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Wildlife Spotlight: California Buckwheat

PictureCalifornia Buckwheat

Of all the native plants on the Irvine Ranch Natural Landmarks, Eriogonum fasciculatum is one of the most beguiling. Commonly known as California buckwheat, this shrub is native to the Southwestern U.S. and Mexico and is likely a familiar sight if you’ve spent time on the Landmarks or at the Irvine Ranch Conservancy’s Native Seed Farm. This type of buckwheat is recognizable for its densely-clustered white and pink flowers, which grow to an arresting rust-red as they dry and mature. Red clusters denote the perfect time to harvest buckwheat, which volunteers can do at the Native Seed Farm in the fall. The seeds grown at the farm are used to repopulate restoration areas with native plants.

California buckwheat isn’t just pretty: it’s edible! California buckwheat differs from Fagopyrum esculentum, the type of buckwheat most of us are familiar with: a pseudograin used for making porridge, noodles, and crepes. While California buckwheat is not a part of modern human diets, it is edible when prepared correctly and has been used by Native American tribes to make tea and bread. While humans today might find little use for the edible parts of buckwheat, insects can’t get enough of the stuff! It is a food source for some butterflies and is highly attractive to bees and other pollinators. More honey comes from pollinated buckwheat than any other native plant in California.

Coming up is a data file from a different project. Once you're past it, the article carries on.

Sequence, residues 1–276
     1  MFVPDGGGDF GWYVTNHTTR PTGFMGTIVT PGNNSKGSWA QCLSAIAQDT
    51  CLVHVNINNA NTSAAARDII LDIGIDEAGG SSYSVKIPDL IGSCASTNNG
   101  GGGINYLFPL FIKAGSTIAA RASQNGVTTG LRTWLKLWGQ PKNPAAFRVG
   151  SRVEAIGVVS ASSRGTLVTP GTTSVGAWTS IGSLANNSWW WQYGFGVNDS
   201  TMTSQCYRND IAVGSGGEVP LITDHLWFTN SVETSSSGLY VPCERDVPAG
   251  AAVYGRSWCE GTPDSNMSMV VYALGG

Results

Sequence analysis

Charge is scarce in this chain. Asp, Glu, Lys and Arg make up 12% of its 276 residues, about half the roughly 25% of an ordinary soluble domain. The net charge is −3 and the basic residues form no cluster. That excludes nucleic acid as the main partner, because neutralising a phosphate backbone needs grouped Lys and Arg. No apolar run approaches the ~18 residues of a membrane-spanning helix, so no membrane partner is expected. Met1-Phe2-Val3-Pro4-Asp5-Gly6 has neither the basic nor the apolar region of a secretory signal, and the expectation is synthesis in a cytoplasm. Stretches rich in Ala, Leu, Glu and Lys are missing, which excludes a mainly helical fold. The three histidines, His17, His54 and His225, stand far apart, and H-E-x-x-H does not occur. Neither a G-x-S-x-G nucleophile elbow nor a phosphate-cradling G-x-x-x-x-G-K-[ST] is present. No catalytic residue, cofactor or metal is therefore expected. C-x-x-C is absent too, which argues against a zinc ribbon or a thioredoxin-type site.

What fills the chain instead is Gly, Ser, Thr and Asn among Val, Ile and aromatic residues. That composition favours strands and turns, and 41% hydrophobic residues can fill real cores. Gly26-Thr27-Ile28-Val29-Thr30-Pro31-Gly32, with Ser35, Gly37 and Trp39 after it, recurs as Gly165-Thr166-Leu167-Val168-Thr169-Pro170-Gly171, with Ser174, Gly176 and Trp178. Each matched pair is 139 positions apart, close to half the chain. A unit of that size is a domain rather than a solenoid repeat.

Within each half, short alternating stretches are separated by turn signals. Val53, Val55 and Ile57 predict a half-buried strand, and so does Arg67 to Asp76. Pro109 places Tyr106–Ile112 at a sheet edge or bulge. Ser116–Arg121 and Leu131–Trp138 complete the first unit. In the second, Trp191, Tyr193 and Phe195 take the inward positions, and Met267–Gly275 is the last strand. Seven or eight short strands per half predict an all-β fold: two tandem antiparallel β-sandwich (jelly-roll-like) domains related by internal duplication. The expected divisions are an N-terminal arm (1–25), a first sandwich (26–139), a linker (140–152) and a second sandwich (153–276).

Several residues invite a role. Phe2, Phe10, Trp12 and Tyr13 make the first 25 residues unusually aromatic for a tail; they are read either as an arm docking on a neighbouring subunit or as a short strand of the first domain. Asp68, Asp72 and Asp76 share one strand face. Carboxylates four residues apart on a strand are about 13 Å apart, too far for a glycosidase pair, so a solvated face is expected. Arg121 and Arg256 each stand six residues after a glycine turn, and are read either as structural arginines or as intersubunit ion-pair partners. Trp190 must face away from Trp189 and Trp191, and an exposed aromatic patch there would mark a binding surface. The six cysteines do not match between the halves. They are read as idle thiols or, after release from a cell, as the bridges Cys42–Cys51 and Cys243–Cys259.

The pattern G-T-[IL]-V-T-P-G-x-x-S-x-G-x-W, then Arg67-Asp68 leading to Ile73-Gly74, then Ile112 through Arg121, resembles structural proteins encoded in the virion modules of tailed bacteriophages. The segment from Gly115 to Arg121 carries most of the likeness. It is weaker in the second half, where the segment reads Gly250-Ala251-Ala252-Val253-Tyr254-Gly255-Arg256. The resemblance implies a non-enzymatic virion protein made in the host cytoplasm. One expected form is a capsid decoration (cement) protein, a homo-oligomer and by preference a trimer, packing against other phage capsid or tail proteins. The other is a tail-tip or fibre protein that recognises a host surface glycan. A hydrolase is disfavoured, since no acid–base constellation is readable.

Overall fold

​As a food source, honey maker, native species, and eye-catching part of the coastal landscape, it’s easy to the see the beauty of California buckwheat. You can show this plant and its fellow natives some love by signing up for stewardship activities at the farm or on the land.